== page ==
At a session of the United Nations' Universal Periodic Review — where a selection of member states have their performance on human rights assessed — Norway's record came under the microscope. The conspicuous critics at this Geneva meeting? Russia and Saudi Arabia, members of the United Nations' 47-nation Human Rights Council and well-known paragons of global norms and freedoms, of course.
Representatives from Saudi Arabia accused Norway of endangering the religious rights of Muslims in the country. According to the Independent:
The gulf state called for all criticism of religion and of prophet Mohammed to be made illegal in Norway. It also expressed concern at “increasing cases of domestic violence, rape crimes and inequality in riches” and noted a continuation of hate crimes against Muslims in the country....
Russia meanwhile called for Norway to clamp down on expressions of religious intolerance and and criticised the country’s child welfare system. They also recommended that Norway improve its correctional facilities for those applying for asylum status.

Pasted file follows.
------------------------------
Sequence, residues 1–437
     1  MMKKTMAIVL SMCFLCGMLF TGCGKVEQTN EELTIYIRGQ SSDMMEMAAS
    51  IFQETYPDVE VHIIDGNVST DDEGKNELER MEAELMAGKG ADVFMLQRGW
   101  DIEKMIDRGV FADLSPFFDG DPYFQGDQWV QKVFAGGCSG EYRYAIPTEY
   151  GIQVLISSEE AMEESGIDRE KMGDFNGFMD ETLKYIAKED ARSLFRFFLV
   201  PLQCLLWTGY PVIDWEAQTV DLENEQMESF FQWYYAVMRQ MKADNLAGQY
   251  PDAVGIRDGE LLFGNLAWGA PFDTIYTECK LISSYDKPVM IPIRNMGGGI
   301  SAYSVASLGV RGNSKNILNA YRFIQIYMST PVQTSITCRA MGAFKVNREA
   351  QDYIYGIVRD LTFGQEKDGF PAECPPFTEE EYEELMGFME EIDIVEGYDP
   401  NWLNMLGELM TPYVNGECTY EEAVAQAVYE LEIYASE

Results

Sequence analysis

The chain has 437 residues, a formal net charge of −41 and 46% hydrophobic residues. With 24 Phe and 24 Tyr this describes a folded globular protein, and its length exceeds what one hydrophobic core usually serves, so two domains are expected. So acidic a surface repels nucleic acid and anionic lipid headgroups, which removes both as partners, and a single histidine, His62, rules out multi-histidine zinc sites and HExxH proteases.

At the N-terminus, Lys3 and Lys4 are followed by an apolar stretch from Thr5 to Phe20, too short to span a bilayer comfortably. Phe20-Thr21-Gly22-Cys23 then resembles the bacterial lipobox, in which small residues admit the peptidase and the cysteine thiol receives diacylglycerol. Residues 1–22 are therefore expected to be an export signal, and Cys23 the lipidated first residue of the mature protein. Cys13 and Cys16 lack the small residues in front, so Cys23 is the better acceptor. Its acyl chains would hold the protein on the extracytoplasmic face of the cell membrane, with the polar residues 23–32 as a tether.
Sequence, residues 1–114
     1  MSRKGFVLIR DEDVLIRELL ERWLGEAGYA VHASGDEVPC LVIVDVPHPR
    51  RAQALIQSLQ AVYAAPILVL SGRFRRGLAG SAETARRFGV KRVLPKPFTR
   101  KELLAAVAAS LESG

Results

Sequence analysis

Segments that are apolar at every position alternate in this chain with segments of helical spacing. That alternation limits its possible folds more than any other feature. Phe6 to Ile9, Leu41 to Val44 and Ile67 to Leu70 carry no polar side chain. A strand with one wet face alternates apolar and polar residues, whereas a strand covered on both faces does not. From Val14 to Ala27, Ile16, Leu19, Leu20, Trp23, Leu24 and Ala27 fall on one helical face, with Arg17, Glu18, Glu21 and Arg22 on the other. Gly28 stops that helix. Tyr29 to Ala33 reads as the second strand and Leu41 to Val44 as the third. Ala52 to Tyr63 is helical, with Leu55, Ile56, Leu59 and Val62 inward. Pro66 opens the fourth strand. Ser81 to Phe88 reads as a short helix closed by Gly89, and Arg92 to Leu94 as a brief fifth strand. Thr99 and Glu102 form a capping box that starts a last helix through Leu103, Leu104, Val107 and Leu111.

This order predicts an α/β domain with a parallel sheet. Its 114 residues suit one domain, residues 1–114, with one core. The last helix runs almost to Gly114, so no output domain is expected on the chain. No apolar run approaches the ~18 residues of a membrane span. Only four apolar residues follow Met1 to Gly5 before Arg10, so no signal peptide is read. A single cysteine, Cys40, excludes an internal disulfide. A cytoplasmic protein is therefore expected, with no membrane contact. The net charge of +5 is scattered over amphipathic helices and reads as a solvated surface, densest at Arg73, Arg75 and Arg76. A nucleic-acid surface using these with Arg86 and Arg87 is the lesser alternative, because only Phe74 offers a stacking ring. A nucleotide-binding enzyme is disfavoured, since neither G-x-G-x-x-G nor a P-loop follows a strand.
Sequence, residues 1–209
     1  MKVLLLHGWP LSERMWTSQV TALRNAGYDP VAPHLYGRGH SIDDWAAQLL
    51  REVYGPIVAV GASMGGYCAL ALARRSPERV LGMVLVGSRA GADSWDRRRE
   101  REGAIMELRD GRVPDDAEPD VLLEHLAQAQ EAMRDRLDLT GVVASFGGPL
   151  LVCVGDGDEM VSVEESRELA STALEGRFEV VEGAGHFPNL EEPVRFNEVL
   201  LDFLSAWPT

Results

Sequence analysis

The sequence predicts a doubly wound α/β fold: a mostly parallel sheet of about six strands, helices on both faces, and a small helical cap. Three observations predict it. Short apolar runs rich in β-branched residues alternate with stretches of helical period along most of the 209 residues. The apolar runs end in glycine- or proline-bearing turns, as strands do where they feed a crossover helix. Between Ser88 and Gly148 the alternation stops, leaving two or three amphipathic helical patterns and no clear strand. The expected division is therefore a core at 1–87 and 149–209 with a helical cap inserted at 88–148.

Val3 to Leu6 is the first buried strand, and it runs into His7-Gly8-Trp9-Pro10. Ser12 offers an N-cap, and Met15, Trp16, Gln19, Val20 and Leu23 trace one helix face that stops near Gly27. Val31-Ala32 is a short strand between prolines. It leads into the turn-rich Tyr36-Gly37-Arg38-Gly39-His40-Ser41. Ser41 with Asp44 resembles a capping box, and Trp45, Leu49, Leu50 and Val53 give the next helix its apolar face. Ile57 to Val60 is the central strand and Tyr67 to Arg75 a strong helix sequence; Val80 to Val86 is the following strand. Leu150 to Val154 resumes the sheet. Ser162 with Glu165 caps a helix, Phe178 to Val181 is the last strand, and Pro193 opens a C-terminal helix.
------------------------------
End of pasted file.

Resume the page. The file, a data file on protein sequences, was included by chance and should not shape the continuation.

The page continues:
The Russian rebuke is perhaps less glaring than the criticisms of the Saudis, who don't seem to mind the irony of demanding censorship and a curtailing of freedom of expression at a session on human rights. Ahead of Norway's grilling, the country's foreign minister, Borge Brende expressed bemusement at what may follow to local media: "It is a paradox that countries which do not support fundamental human rights have influence on the council, but that is the United Nations," he said.
Saudi Arabia, of course, is notorious for its draconian laws that, among other harsh measures, ban women from driving, curb the religious expression of non-Muslim minorities and make homosexuality a crime punishable by death.
As a custodian of the birthplace of Islam, the kingdom's government has long championed the cause of Muslims elsewhere, so it's not surprising that it watches the gains of anti-immigrant, Islamophobic political groups in Scandinavia with concern. But for a country where domestic abuse of women and exploitation of foreign laborers is rife -- and where gang-rape victims can be sentenced to 200 lashes -- to harp on another state's far less offensive record is astonishing.
Norway has long projected itself as a committed, moral force on the global stage: It's home to the annual Nobel Peace Prize and has been a key host and interlocutor for peace talks between warring factions, including in Colombia, the Middle East and the Philippines.
No country is beyond criticism, of course, and it's good that the United Nations has such procedures of oversight. When the Saudis faced their own review in 2009, there were calls to strengthen the rights of migrant workers and women subject to the country's sharia laws. One wonders how much progress the kingdom has truly made since then on that front.